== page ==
China’s PC penetration rate ........................................................................................................................... 232
Summary list of the Golden Projects .......................................................................................................... 234
Online services provided by China’s banks as of March 2000 ............................................................... 236
Selected etourism companies ........................................................................................................................ 239
Revenue breakdown for fiscal year 1999..................................................................................................... 243
Government agencies involved in Internet regulations ............................................................................ 245
Explanatory Notes
The term "dollars" ($) refers to United States dollars unless otherwise stated. The term "billion" signifies
1,000 million.
Two dots (..) indicate that the data are not available, or are not separately reported.
A hyphen (-) indicates that the amount is nil or negligible.
Details and percentages do not necessarily add up to totals, because of rounding.
American Bar Association
Agricultural Bank of China
Australian Bureau of Statistics
automated clearing house
Advance Cargo Information System
alternative dispute resolution
American International Group Inc.
America Online
Asian-Pacific Economic Cooperation
Association of South-East Asian Nations
Automated System for Custom Data
automated teller machine
Economic and Industrial Consultative Committee of OECD
bank internet payments system
Bank for International Settlements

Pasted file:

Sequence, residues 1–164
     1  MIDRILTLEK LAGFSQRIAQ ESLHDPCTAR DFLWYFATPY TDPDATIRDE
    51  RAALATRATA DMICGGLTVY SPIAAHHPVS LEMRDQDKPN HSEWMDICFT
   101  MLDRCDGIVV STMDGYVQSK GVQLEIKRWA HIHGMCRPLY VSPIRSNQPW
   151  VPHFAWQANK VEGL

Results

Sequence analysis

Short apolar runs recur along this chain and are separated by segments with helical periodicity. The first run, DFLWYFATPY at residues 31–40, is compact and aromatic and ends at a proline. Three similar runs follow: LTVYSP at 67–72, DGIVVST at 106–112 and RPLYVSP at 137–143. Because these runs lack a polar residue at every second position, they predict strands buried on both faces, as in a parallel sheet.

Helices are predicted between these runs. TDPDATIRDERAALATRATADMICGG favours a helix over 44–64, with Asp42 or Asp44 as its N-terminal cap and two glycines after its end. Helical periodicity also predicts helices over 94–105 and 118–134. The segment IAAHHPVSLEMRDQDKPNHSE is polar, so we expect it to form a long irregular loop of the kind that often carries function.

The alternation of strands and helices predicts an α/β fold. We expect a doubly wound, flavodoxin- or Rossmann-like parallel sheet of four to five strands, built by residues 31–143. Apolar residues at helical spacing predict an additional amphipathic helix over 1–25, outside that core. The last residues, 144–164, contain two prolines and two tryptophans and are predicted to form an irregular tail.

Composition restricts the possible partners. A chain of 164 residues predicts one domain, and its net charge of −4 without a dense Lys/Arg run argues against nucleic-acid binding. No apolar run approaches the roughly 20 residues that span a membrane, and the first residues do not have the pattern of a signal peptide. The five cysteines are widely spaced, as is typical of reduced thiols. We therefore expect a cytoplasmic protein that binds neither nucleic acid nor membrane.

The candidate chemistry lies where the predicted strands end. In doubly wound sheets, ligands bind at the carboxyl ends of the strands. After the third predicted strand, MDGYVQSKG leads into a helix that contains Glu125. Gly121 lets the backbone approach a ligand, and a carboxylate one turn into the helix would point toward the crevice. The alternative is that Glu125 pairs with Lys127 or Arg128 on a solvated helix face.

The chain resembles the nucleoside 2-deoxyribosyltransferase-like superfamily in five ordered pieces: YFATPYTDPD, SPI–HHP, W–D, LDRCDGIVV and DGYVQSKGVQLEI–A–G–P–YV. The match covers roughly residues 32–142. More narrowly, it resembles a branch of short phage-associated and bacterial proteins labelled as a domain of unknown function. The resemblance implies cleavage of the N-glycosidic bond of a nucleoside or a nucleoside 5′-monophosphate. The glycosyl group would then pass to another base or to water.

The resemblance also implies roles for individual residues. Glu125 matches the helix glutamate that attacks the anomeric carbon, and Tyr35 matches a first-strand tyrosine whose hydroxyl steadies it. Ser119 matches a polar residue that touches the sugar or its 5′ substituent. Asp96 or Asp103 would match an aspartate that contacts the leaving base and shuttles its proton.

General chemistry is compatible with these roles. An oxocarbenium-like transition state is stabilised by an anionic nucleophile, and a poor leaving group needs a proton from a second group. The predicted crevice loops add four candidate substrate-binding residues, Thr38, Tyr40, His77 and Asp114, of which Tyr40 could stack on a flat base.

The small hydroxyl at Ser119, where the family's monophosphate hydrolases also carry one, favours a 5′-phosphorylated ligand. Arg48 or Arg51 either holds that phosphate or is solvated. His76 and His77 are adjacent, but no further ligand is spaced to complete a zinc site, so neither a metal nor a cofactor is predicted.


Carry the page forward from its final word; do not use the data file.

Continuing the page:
Bank of China
British Tourist Authority
certification authority
Construction Bank of China
China Council for the Promotion of International Trade
China Central Radio and Television University
code division multiple access
common electronic purse specification
China Financial Certificate Center
computable general equilibrium
China International Electronic Commerce Center
cost, insurance and freight
China Merchants Bank
China Internet Network Information Center
Compagnie française d’assurance pour le commerce extérieur
Carriage of Goods by Sea Act (of the United States)
controlled payment number
computer reservation system
China Security Regulatory Commission
destination management/marketing organization
digital products
Dun and Bradstreet
European Central Bank
electronic communications network
electronic data interchange
electronic data interchange for administration, commerce and transport
electronic mobile payments system
enterprise resource planning
European Union
frequently asked questions
foreign direct investment
US Federal Reserve electronic payments and gross settlements system
free on board
Federal Trade Commission (of the United States)
Financial Services Technology Consortium (of the United States)
Financial Services Markup Language
General Agreement on Trade in Services
General Agreement on Tariffs and Trade
global business dialogue in electronic commerce
gross domestic product
global distribution system
gross national product
General Packet Radio Service
Global System for Mobile Communications
generalized system of preferences
Global Trade Analysis Project
Global Trade Point Network
global trading web
third generation mobile communications technology, ITU specification
Hague Conference on Private International Law
hypertext mark-up language
hypertext transfer protocol
HTTP using a Secure Socket Layer (SSL)
International Business Machines
Internet Corporation for Assigned Names and Numbers
Industrial and Commercial Bank of China